Christmas 7000 kilometers from home: is it even possible?

We knew we were not returning to Canada for Christmas even though we had a three week break. And this is basically an Islamic country, Egypt style. Would we have a little private Christmas, just the two of us, or would we treat it as just another day? There was talk with our friends Bethany and Ronnie of a trip to Luxor but two things clinched a plan. First, Mary and Brad committed to a visit with a plan to leave Ottawa on Boxing Day. Second, as previously described, I joined the Christmas Choir for St. Mark’s Pro-Cathedral in the old part of the city. And we even had a tiny tree with little camels decorating it.

The Christmas Eve service was wonderful, with a lot of music, most of the traditional carols and several acapella ones (always a little nerve wracking for the singers), and the readings from the Bible. Judy read one of them beautifully. I read another too so we really were made part of things.

Afterward, we wandered through the hustle and bustle of downtown on a Thursday evening with our friend David Thomas, up some very dark stairs to the Egyptian Seaman’s Club. An old place of course with a grizzled old maître d’ who said he could cook us some chicken and mushrooms. Nobody else was there. Judy and David had a beer and I had a ginger ale (the life of the party as usual) and it was a very nice time. We still missed our children and grandchildren a lot but it did feel like Christmas.

When you think about it, we were only a stone’s throw from where Jesus was born. And it wouldn’t be long before he and his family would escape to Egypt to avoid Herod and his awful intentions.

Reality did intrude although we ignored it. Security is a big issue around these parts of course and it is interesting to say the least to have soldiers with machine guns posted outside the church walls during the service. Life goes on even in the face of fanaticism. Christmas morning, when we attended a service at the Stanly Anglican Church, a small church in the style of an English country parish building, there were a couple of military fellows posted outside just in case. Something we don’t think about at Manotick United.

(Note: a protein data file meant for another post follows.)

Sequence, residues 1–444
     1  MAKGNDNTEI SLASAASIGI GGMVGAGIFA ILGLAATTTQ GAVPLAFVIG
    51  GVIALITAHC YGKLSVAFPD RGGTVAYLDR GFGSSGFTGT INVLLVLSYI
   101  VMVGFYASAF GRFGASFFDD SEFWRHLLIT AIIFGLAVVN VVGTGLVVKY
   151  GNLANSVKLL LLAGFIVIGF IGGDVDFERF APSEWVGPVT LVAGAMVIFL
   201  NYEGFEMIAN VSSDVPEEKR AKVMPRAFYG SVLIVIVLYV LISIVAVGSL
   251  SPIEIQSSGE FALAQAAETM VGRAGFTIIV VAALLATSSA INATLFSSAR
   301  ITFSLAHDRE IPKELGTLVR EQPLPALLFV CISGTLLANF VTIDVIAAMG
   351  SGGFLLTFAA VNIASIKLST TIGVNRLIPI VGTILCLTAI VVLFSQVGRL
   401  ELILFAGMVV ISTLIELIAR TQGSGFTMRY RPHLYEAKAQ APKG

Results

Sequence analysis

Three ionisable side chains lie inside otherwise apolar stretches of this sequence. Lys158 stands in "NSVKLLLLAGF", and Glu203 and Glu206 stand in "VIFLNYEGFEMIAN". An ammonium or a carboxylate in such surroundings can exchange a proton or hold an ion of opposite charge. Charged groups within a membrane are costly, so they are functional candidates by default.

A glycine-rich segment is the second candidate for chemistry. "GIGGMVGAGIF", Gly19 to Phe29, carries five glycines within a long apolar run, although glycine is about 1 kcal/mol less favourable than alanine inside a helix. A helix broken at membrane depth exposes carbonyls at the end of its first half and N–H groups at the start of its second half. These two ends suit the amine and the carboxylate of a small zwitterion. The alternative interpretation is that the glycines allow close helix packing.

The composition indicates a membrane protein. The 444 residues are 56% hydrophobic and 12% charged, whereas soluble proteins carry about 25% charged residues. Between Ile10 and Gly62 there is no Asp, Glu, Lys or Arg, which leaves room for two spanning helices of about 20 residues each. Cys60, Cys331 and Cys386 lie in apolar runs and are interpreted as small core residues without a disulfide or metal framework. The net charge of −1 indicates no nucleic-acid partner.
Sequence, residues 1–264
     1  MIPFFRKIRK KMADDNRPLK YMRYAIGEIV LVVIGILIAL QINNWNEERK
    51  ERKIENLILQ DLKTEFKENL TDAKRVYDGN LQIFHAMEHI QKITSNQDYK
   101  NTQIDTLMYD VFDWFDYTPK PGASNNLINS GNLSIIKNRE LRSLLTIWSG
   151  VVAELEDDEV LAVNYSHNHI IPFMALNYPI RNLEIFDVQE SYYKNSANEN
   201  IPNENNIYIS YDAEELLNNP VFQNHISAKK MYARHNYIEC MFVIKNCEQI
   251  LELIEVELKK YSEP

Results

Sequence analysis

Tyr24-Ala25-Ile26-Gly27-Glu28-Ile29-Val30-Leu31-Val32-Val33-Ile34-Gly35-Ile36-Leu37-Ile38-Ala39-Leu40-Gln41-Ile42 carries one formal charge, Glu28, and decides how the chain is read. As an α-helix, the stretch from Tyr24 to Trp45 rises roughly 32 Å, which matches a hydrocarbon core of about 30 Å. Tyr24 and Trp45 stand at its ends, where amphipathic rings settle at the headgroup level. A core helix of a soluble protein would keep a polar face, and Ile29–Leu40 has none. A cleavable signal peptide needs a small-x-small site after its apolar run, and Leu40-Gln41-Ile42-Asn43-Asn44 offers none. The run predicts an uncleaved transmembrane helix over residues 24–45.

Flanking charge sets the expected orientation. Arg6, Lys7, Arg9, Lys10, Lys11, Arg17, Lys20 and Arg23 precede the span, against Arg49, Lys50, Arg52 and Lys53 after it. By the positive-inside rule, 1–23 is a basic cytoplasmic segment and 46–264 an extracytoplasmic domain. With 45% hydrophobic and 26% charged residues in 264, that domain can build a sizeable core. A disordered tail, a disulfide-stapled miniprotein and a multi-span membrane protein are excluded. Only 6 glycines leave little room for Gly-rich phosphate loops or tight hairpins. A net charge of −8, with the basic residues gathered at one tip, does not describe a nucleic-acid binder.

4 thoughts on “Christmas 7000 kilometers from home: is it even possible?

  1. You write so well Graham. I so enjoy reading your updates. Alexandria seems to be a place of contrasts and complexity. I can’t even imagine armed guards outside churches… We take our freedom of religious expression for granted don’t we. All freedom should be cherished. Take care and happy new year to you both. Elaine

  2. It sounds so interesting. Congratulations on another grandchild. We saw Mary and brad at the Christmas Eve late service. They were excited about the trip. Sounds like it all went well. Going out for a ski in Gatineau park tomorrow. Take care. Joan

  3. Happy new year and congrats on a new baby in the family. O so lucky! Great blog, sad now that I’m all caught up. Till next time Graham (and Judy). Love ya!
    Kath

  4. You have a wonderful talent for writing Graham. I feel like I am there with you both experiencing the interactions with the people, the markets and the churches.
    Our family talked about you singing in the choir and how much they miss you and Mamma Judes!
    We are so blessed to have the privilege of freedom to worship wherever and whenever we want. Thank you for being shining examples of His love and grace.
    Missing you both from all of the “Dean’s” ✨✨

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